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Archiver > NUTTER > 2005-01 > 1107135407

Subject: Re: Updated Dorman Tree - Mary Dorman and Christopher Nutter
Date: Sun, 30 Jan 2005 20:36:47 -0500

Here it is.

Englewood Cemetery DA-DZ, Clinton, Clinton Twp, Henry Co, MO
Clinton MO, Feb 12 1910 - Judge Jerubial Gideon Dorman died
February 4,
1910 in his 92nd year. He was born in Bourbon County, Kentucky,
July 17, 1818
and with his father, the Rev. Mathew Dorman, a devout and noted
preacher, moved to Gallatin County, Kentucky where he grew to
manhood and at his
death, was the last of nine brothers and sisters, all of a generous
and noble
character. His early manhood was spent in river traffic on the
Green, Ohio and
Mississippi rivers, with headquarters at Quincy, Illinois and his
fortunes were
varied. In 1849, he started to California by water but was wrecked
off the
coast of Central America and continued the trip overland through
Mexico and
returned by way of Cape Horn. He was of French, English and Scotch
descent. Guezot's
history speaks of Jean Dorman and his two brothers, who were
chancellors of
France under Chas. Fifth about 1363. In 1372, the college of
Beauvois of
deDorman was founded by three brothers of the name of Dorman.
One being bishop of Beauvois, one archbishop of Angiers and
the other
chancellor of France. John deDorman, prince cardinal, died in 1373.
Sir Wm.
deDorman distinguished himself by advocating the cause of King John
XI of France.
Thus it will be seen that among his French ancestry are found the
founders of
the first institution of higher education in all France. In England
Scotland, the family were always active in state and church and in
1642 four of the
Dorman brothers came to America, settling eventually in Massachusetts,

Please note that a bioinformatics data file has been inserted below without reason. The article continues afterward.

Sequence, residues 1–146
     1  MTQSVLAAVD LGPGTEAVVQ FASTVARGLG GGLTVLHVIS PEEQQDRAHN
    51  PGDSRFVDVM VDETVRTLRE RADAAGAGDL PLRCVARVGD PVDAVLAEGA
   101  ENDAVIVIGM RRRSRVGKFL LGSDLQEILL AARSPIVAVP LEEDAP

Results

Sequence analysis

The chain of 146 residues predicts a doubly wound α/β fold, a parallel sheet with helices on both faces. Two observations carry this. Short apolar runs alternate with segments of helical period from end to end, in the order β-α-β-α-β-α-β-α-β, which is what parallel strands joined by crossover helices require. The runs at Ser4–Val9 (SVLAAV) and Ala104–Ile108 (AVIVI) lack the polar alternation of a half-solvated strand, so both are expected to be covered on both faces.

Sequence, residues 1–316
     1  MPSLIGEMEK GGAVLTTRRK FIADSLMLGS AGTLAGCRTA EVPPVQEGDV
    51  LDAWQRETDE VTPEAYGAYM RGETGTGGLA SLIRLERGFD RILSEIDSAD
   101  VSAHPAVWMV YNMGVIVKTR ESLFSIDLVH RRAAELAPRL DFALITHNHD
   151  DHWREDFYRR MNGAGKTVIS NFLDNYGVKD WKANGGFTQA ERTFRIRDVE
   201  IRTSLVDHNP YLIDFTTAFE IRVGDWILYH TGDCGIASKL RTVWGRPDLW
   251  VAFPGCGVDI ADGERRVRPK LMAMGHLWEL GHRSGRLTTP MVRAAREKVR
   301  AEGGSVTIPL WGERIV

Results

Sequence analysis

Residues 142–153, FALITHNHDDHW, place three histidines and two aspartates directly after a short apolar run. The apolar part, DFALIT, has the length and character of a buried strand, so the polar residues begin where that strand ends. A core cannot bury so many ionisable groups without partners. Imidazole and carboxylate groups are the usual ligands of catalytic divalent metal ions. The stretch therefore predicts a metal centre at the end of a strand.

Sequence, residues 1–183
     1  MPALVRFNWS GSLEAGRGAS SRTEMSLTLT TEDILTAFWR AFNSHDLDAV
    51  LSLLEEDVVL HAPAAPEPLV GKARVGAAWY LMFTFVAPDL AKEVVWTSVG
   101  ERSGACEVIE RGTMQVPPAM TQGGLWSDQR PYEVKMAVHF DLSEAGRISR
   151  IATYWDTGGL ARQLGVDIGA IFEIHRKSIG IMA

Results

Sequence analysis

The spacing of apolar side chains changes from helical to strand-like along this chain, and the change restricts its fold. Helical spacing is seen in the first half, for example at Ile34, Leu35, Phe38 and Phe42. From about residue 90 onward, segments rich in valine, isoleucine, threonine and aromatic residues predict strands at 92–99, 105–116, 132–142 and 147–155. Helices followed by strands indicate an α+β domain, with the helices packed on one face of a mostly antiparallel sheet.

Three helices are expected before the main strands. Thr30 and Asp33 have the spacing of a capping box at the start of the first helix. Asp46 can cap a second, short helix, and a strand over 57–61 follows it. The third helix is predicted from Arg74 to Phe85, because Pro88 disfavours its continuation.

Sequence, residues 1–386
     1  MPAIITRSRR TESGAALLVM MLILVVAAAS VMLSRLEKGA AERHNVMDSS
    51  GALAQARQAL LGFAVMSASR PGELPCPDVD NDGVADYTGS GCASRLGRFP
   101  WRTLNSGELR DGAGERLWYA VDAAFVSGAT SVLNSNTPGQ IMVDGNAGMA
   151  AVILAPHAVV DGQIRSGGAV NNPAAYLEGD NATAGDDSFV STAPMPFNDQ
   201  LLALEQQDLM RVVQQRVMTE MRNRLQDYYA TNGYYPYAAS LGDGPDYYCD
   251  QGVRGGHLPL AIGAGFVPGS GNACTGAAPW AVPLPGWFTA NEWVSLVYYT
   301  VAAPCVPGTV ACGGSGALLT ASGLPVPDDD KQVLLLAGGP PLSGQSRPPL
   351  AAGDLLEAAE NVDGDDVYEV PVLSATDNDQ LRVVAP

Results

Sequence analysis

Pennsylvania and Maryland. His grandfather, Mathew Dorman, with two
brothers, John and
Major, were in the Revolutionary War, while some of their New England
relatives adhered to king George. On April 12, 1852, he married
Mrs. Udolpha F. Eagle
of Quincy, Ill. and in 1856 they moved to Clinton, where he
established a
general store, the first in Henry County, his goods being shipped
to Boonville by
boat and overland to Clinton and when the M.K.&T railroad was
built, the
first freight brought over that line was a car load of
goods for his store. He was a member of the first school board ever
in Henry County and in 1860, was elected county judge. In the early
days of
the civil war he was captain of the Home Guards and preserved the
muster roll
as a relic. In 1846, he was a delegate to the State Democratic
Convention in
St. Louis, was, was elected representative in 1872, when he
advocated many
measures on behalf of the people and drafted a road improvement
bill which
unanimously passed the House and Senate, and long remained the law
of the state,
unchanged. He helped to organize the First National Bank, now the
citizens' Bank,
served as president for a time and remained a stockholder until his
death. He
leaves six children - Charles D., William H., George H., O. M.,
Miss Emma
Dorman and Mrs. Victoria D. Phillips of Girard, Kansas, and one
stepson Edw. Eagle,
all of whom were at his bedside when he passed away. In early life,
he joined
the Odd Fellows and for many years has enjoyed the unique
distinction of
being the oldest member in the state. The funeral was Sunday at his
with Rev. A. N. Lindsey in charge, and his brethren of the order
bore him, with
many beautiful floral emblems, to his final resting place in
Englewood. Thus
passed away a noted landmark of our time, a pioneer of whom it may
truly be said
that his life was gentle and the elements so mixed in him that
Nature might
stand up and say to all the world: "This was a Man."

David G. Nutter, AICP
Ellen M. Nutter
Nutter Associates
Community Planners
& Development Feasibility Consultants
507C South Boulevard
Salisbury, MD 21801-5753
Tel 1-443-260-2760
Fax 1-443-260-4716
Cell 1-410-603-9024

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